3. She alluded to industry rhetoric that every Sales leader uses 5,000 times a day. She’s implicitly demonstrating strong expertise in her message. To any executive reading it, it’s obvious she comes from a enterprise SaaS background, not someone who sold pool equipment to consumers at the local store. Smart questions are one of the best levers to stand out in any sales process.
Hint: You may not need to look for open sales listings on their site. The best fast growth companies are always evergreen recruiting needs and are always looking for amazing sales talent.
Hint: Follow up. They’d expect that anyways if you work together. Make the follow ups stand-out as well.
Hint: This works for any other sales process – eg, investing, recruiting, selling, etc. Founders raising money from investors asking about their desired return profiles. Or recruiting people for your own company. Savvy employers will also work backwards from the professional and personal goals of the talent they interview to similarly determine a fit.
At Convertist, we use job boards, but actually haven’t hired a single candidate who only filled out the form online. The job board is there as a decoy to separate the proverbial wheat from the shaft. Having worked in the recruiting space, job board candidates have a lot going against them. HR and Recruiting teams know that the vast majority of job board candidates are poor-fit applicants who just filled out as many job listings as they could. It’s the noisiest of noise for a hiring manager.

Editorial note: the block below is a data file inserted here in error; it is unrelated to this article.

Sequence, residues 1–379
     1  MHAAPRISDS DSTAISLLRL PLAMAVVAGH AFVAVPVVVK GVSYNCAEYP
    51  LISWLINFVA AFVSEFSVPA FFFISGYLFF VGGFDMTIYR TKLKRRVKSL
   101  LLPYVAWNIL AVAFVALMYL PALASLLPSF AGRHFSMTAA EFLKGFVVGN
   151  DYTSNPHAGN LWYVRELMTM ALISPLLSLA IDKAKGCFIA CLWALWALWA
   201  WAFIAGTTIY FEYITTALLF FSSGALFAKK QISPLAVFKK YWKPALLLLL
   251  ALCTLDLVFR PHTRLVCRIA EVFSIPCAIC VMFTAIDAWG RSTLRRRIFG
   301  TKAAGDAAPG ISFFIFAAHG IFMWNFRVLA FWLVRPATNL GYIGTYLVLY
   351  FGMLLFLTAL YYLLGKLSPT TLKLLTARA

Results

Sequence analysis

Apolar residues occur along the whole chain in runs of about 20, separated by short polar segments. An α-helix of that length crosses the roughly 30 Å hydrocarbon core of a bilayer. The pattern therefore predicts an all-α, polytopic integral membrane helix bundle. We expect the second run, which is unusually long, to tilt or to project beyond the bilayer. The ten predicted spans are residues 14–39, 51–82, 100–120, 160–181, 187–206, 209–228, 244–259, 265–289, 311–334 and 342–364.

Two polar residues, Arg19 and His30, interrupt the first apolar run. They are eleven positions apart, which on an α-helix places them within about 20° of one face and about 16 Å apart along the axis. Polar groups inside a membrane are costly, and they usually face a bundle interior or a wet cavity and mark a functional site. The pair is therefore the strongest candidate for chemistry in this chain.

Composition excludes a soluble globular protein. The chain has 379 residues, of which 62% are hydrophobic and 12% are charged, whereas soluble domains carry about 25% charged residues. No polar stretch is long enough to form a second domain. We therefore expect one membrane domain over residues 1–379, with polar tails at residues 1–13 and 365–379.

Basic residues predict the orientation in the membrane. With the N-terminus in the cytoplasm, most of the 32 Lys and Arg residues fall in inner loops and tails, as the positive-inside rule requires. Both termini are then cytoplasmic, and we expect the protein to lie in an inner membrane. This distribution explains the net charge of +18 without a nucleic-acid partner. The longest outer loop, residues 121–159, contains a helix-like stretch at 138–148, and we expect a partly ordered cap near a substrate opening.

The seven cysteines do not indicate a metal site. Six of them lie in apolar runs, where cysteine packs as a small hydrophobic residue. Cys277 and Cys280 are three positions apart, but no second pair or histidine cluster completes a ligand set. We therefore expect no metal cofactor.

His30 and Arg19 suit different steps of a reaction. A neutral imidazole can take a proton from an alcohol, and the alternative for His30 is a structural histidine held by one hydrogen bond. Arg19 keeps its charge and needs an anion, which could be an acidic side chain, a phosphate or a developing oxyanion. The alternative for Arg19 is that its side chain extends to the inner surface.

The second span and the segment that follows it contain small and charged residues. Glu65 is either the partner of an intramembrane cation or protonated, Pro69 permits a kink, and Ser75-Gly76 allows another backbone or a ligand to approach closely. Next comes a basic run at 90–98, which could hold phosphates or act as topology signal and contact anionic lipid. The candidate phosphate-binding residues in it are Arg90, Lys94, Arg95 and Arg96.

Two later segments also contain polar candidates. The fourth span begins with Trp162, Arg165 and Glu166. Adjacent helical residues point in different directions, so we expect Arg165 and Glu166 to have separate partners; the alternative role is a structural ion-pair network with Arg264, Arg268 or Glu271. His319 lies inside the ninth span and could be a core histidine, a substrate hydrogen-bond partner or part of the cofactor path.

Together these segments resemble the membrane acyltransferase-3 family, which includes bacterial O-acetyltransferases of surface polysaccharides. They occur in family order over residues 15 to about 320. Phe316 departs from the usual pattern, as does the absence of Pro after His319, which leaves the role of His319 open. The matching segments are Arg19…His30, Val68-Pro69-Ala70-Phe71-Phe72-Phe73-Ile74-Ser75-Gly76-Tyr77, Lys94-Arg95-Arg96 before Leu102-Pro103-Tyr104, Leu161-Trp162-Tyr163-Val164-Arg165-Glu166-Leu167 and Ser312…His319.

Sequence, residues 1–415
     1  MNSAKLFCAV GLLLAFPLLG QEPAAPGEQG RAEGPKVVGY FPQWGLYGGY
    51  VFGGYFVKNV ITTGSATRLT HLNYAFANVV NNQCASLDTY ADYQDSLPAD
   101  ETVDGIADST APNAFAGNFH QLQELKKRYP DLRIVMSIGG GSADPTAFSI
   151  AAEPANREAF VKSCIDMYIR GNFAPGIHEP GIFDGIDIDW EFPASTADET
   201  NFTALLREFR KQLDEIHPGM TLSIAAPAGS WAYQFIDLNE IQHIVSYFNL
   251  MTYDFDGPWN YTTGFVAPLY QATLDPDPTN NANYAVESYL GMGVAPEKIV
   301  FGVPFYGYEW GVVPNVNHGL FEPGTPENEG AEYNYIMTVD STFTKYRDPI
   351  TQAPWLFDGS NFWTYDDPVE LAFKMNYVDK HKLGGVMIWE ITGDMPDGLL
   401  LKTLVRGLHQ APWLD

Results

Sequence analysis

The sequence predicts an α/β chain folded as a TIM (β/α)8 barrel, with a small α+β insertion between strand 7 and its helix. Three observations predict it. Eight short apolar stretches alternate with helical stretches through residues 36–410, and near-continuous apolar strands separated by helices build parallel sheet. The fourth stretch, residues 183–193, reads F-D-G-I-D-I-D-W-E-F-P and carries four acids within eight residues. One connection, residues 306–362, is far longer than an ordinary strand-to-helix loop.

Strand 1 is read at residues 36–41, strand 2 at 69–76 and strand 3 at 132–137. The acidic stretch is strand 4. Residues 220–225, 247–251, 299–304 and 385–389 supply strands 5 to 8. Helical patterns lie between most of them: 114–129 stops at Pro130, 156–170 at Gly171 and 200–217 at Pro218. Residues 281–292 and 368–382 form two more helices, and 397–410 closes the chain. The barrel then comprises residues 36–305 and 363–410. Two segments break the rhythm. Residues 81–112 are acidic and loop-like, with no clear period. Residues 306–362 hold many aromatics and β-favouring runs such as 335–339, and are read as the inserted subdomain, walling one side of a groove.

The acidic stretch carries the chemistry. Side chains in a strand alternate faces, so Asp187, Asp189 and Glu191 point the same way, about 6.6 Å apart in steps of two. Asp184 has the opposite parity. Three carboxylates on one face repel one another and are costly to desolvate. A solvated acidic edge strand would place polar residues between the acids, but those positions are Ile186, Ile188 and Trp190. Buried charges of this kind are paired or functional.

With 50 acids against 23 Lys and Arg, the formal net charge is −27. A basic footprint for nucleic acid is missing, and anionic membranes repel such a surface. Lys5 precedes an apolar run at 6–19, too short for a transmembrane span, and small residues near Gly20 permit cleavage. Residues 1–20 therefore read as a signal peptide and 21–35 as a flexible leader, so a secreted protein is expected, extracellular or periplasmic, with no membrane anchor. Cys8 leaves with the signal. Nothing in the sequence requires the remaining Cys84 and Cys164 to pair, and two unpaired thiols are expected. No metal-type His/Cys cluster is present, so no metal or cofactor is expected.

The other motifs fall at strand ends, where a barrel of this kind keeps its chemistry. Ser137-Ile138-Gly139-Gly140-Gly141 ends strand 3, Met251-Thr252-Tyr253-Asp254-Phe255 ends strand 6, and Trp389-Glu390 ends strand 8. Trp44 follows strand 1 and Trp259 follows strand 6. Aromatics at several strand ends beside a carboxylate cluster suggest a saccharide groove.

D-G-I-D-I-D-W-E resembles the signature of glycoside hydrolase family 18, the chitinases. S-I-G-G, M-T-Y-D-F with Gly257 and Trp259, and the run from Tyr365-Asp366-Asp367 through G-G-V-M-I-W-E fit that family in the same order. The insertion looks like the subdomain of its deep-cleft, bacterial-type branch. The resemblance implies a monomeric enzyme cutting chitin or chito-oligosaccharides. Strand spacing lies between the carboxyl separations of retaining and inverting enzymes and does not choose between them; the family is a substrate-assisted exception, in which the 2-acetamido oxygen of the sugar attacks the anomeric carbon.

Our entire team all went the extra mile, did research on our company, our team, and wanted to know more. It’s turned out to be a good self-selection process for vetting savvy candidates.
Chris runs Convertist, which performs Outbound Lead Generation as a service for companies targeting midsize and enterprise deals. Looking to learn more about an opportunity? Come generate some new business at Convertist 🙂